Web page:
Thompson 1999b). They also proved an important source of revenue and, whilst
rents and taxes on cereal crops were charged and levied in kind, those on orchards and
vines came in cash. For an important new feature of the Ptolemaic system was that it
was now monetarized, with taxes collected in cash as well as in kind.
In the Fayum, most land was nominally `royal land’, belonging to the king. Some
land was ceded to cleruchs and temples (`cleruchic’ and `sacred land’); on this only
smaller taxes were charged. On most of the land, however, the crown levied rents and
taxes, which regularly amounted to over half annual production. In the southern Nile
valley, in contrast, a similar level of charge in the form of a harvest tax (Vandorpe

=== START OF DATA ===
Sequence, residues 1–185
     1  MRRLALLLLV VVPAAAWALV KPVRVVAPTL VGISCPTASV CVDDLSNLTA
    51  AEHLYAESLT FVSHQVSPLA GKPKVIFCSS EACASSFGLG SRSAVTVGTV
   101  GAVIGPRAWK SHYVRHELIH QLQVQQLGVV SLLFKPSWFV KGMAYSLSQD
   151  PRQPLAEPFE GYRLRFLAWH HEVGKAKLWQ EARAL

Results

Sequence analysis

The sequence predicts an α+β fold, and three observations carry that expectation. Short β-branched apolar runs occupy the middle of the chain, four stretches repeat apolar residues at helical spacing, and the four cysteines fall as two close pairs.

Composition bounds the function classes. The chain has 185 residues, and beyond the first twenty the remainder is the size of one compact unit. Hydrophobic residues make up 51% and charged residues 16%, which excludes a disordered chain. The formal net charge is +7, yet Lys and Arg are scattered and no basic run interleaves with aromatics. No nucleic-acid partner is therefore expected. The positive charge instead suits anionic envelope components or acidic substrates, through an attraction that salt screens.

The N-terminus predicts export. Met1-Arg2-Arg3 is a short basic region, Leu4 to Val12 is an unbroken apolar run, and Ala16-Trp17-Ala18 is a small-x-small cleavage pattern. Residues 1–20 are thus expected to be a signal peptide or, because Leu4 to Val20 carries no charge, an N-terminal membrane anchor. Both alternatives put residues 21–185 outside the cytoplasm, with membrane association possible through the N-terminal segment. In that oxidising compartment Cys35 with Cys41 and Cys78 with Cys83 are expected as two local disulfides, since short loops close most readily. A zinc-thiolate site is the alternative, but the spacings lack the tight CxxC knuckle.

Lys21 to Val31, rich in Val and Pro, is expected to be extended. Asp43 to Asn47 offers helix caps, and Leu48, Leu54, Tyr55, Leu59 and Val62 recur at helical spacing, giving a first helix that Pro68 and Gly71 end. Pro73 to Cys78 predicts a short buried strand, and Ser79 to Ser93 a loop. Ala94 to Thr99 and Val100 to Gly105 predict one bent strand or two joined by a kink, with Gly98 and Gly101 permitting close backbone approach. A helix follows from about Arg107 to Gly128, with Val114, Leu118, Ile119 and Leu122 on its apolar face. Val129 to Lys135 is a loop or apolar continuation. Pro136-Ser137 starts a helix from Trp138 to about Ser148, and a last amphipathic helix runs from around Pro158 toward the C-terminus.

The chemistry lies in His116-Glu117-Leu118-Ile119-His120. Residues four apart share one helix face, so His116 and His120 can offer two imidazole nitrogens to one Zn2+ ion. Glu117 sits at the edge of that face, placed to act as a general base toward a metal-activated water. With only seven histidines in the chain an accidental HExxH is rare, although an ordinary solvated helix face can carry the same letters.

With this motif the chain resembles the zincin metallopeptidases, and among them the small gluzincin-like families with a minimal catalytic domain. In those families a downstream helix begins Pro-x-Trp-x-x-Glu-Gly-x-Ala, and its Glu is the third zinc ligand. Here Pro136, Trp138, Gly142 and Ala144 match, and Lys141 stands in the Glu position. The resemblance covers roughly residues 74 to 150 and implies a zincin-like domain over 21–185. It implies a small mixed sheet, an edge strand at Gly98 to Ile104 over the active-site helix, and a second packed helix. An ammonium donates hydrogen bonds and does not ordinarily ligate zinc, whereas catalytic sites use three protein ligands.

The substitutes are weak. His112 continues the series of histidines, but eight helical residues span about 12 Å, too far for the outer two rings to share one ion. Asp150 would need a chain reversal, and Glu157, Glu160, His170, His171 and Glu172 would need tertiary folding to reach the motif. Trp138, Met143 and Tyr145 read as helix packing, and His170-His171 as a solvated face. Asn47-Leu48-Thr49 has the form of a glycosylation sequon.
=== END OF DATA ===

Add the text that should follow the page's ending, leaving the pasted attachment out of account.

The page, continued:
2000b) was made on the cultivated area of what was there labelled `private land’.
Such land could be bought or sold; it often belonged to temples but was subject still
to royal taxation. This prerogative of levying charges on all the land of Egypt and the
high level of these illustrate well the overriding power of the monarchy. The resulting
revenue enabled Egypt to become engaged in Aegean-wide politics ± she even ran a
garrison in Attica during the Chremonidean war (268±266) ± and to wage a series of
wars against her closest rivals, the Seleukids, with whom she struggled for control of
Palestine and the Gaza strip, in antiquity known as Hollow Syria (Koile Syria).
Behind the levy of land rents lay the operation of the land survey. From 258,
a demotic ostrakon found in the Karnak temple at Thebes records an order made
when the pharaoh (Ptolemy II) was away at Daphne, involved in the Second Syrian
The Ptolemies and Egypt 109
A survey of Egypt was ordered, specifying field by field their irrigation possibilities, their